Finally procured a pass to EMC World 2014 and I am very excited to attend–this will be my 5th one in a row! Once again EMC World is in Las Vegas–you still have time to sign up–so if you haven’t please do! This post is going to center around session suggestions, I will do another concerning the goings-on at EMC World that are of note closer to the start of the conference. Continue reading “EMC World 2014: Some Session Suggestions!”
Just wanted to take a moment to congratulate all of the 2014 VMware vExperts! I am honored to be counted amongst their number for the second year in a row. A very nice recognition of being active in the VMware community that comes with a lot of perks at conferences, through technology previews/betas and much more.
As you might have read on my blog a few days ago, EMC released an updated version of the Virtual Storage Integrator tool for vSphere Web Client that supports direct provisioning and some management of VNX and VMAX storage. The previous version supported ViPR-only provisioning. If you didn’t see that post you can check it out here. Inevitably when a product involves cross-application and importantly cross-server integration many customers ask the question about what are the firewall requirements to get this thing to work? Let’s take a look.
Today the long-awaited update to Virtual Storage Integrator for the vSphere Web Client as been released! Six months or so ago EMC released the first iteration of the VSI Web Client (version 6.0) that supported provisioning of storage but only for environments enabled with ViPR. The latest release (version 6.1) now adds support for direct provisioning of storage from a VMAX or VNX array.
Increasingly, organizations, small and large, are attempting to or at least considering to implement some type of cloud-based architecture into their IT infrastructure. The benefits of tight integration, intelligent abstraction of resources, seamless automation and orchestration are becoming quite apparent. These benefits and the desire to obtain them are causing customers and partners to look at vendors such as EMC for such a solution. Importantly, a solution that doesn’t require re-invention of the wheel or painstaking initial setup.
My colleague Jonas Rosland (@virtualswede) has been doing some great work with Splunk recently (check out a post from his blog here) and it got me to want to get my own hands a little dirty. So far I’ve only scratched the surface on what can be done with Splunk but I decided to put a post together on some basics. For this post I am going to talk about Symmetrix VMAX logs and how to get those into Splunk.
Quick post here. As some of you may or may not know, the SRDF and VMware Site Recovery Manager techbook that I have “owned” for four years or so is now out of my hands since I moved onto a different role within EMC. Drew Tonnesen (drewtonnesen.wordpress.com) from Symmetrix Engineering is now the author of the book. Anyways the techbook has been updated to include the latest changes included in the SRDF SRA version 5.5.1 which we released a few weeks ago.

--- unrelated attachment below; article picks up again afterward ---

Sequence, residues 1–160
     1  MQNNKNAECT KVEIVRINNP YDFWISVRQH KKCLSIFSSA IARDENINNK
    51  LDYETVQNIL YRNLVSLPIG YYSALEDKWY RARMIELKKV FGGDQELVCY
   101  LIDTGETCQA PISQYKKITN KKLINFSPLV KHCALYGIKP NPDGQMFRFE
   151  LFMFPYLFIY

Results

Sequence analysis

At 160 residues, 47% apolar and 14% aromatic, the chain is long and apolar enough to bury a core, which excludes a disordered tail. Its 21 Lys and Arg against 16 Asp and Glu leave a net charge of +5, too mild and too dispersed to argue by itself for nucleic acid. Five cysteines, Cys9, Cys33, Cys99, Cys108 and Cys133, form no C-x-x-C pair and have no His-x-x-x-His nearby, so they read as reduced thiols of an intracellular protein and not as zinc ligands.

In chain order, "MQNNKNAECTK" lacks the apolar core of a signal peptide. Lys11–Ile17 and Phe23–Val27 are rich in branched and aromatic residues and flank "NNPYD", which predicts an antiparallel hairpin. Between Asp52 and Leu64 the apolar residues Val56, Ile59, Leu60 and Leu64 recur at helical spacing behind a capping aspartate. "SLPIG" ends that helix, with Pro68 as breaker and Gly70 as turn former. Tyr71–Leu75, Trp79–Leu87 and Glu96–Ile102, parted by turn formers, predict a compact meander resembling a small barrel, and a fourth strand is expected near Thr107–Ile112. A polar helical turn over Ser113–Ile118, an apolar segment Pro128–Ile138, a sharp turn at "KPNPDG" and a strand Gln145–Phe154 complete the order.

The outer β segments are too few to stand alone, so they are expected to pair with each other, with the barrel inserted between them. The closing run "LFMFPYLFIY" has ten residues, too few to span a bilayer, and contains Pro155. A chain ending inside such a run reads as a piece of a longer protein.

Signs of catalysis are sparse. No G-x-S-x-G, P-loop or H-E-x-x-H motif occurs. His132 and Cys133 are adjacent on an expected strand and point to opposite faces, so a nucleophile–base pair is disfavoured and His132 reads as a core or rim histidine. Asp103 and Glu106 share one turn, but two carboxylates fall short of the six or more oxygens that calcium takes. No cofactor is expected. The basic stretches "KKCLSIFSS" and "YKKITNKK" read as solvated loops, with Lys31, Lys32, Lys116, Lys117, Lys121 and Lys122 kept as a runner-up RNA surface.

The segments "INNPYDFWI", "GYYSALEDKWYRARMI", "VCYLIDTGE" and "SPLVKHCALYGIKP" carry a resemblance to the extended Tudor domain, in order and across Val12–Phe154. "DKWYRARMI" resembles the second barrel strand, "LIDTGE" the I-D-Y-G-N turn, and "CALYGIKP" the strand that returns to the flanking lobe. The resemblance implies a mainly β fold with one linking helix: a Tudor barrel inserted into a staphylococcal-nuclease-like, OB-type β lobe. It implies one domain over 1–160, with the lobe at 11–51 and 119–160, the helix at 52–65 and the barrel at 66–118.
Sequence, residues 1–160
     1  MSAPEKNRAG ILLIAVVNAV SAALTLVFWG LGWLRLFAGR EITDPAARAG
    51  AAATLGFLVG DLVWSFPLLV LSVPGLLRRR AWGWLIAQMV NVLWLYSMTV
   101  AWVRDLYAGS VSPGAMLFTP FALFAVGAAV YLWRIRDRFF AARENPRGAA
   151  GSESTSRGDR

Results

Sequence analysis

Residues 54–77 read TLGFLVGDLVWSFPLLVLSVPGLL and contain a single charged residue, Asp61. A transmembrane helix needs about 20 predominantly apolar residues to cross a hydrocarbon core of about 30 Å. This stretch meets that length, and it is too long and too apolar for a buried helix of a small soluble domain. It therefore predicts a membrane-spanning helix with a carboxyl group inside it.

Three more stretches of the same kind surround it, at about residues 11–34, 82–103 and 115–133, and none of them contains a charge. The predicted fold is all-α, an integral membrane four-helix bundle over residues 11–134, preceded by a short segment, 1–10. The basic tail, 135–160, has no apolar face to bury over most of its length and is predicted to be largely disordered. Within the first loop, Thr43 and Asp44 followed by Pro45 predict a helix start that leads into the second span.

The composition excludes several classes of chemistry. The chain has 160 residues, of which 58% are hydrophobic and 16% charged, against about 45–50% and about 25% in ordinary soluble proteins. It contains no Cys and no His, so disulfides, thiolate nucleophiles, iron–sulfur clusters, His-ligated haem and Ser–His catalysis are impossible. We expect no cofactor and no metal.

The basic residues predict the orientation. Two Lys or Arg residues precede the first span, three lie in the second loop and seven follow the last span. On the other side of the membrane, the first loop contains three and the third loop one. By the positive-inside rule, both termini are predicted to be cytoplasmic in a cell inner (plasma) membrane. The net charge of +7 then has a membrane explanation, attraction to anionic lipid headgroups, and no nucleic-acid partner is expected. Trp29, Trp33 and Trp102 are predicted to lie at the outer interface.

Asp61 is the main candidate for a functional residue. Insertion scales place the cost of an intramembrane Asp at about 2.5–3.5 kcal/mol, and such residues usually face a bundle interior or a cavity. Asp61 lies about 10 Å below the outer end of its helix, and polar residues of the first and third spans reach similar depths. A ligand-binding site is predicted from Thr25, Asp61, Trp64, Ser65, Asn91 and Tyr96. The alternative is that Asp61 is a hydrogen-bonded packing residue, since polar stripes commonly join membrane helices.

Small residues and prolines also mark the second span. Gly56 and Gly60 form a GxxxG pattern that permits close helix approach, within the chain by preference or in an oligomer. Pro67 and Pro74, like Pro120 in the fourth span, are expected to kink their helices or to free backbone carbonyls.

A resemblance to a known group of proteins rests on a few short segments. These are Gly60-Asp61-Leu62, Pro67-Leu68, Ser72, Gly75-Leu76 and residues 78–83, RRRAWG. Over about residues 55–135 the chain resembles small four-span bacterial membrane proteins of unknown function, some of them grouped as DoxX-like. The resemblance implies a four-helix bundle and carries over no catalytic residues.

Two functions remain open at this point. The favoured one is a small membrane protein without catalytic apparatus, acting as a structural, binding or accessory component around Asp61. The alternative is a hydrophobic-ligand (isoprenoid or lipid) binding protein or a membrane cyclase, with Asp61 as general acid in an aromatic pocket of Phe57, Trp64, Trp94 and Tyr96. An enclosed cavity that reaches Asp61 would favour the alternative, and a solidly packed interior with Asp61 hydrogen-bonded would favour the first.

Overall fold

I just posted about using the EMC-provided Python script to install and configure ScaleIO on Windows. Using this script makes these steps much easier, especially in very large environments (you can find that post here). One of the next logical questions is concerning firewall requirements and this process. To achieve this automation, the script is going all over the place connecting to servers, copying files, starting services and issuing configuration commands. Therefore it is hitting a variety of network ports on the target hosts. So let’s talk about what exactly those ports are.
In previous posts I have discussed installing and configuring EMC ScaleIO on Windows using manual methods. In VMware or pure Linux environments I have used the provided Python script/wizard to help automate the installation and configuration of ScaleIO. Mostly due to the fact that using this script is much simpler and less-error prone than using the manual methods. And in my opinion, at least, should be the preferred method of installation when possible.
Two posts in two days. Phew! So much to talk about, but this is a quick one. In my previous post I wrote about installing ScaleIO on Windows hosts via a manual/user-controlled process using the CLI and running the MSI install file on each server. In larger environments this may not be practical where an automated deployment solution is required. Furthermore, it is invariably necessary to also deploy the software in a “silent” unattended mode so that end-users do not need to interact with the installer. Luckily this is a pretty simple process in Windows environments using the MSI ScaleIO installer.